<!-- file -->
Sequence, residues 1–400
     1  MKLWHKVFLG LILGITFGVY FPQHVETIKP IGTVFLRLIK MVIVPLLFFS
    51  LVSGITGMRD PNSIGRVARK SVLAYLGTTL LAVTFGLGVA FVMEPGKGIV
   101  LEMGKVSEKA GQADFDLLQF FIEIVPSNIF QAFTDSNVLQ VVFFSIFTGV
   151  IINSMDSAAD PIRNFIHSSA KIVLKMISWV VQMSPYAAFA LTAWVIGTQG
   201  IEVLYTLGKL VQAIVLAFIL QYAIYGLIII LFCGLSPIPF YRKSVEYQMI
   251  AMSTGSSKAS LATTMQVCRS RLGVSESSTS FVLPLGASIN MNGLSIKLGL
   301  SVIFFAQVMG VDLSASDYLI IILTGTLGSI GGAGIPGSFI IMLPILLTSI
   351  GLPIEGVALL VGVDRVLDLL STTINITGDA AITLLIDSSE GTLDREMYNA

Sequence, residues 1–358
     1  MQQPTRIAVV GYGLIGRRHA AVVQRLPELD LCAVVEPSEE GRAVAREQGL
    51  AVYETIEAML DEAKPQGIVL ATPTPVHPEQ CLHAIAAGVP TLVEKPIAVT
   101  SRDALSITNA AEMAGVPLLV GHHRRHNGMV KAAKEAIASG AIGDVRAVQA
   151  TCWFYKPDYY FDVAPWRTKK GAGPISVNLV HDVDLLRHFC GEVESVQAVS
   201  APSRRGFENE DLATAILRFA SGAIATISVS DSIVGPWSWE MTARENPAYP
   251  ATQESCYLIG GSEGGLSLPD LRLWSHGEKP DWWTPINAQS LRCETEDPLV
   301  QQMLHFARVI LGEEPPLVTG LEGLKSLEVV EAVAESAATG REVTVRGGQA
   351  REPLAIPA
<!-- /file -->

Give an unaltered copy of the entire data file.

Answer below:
Sequence, residues 1–400
     1  MKLWHKVFLG LILGITFGVY FPQHVETIKP IGTVFLRLIK MVIVPLLFFS
    51  LVSGITGMRD PNSIGRVARK SVLAYLGTTL LAVTFGLGVA FVMEPGKGIV
   101  LEMGKVSEKA GQADFDLLQF FIEIVPSNIF QAFTDSNVLQ VVFFSIFTGV
   151  IINSMDSAAD PIRNFIHSSA KIVLKMISWV VQMSPYAAFA LTAWVIGTQG
   201  IEVLYTLGKL VQAIVLAFIL QYAIYGLIII LFCGLSPIPF YRKSVEYQMI
   251  AMSTGSSKAS LATTMQVCRS RLGVSESSTS FVLPLGASIN MNGLSIKLGL
   301  SVIFFAQVMG VDLSASDYLI IILTGTLGSI GGAGIPGSFI IMLPILLTSI
   351  GLPIEGVALL VGVDRVLDLL STTINITGDA AITLLIDSSE GTLDREMYNA

Sequence, residues 1–358
     1  MQQPTRIAVV GYGLIGRRHA AVVQRLPELD LCAVVEPSEE GRAVAREQGL
    51  AVYETIEAML DEAKPQGIVL ATPTPVHPEQ CLHAIAAGVP TLVEKPIAVT
   101  SRDALSITNA AEMAGVPLLV GHHRRHNGMV KAAKEAIASG AIGDVRAVQA
   151  TCWFYKPDYY FDVAPWRTKK GAGPISVNLV HDVDLLRHFC GEVESVQAVS
   201  APSRRGFENE DLATAILRFA SGAIATISVS DSIVGPWSWE MTARENPAYP
   251  ATQESCYLIG GSEGGLSLPD LRLWSHGEKP DWWTPINAQS LRCETEDPLV
   301  QQMLHFARVI LGEEPPLVTG LEGLKSLEVV EAVAESAATG REVTVRGGQA
   351  REPLAIPA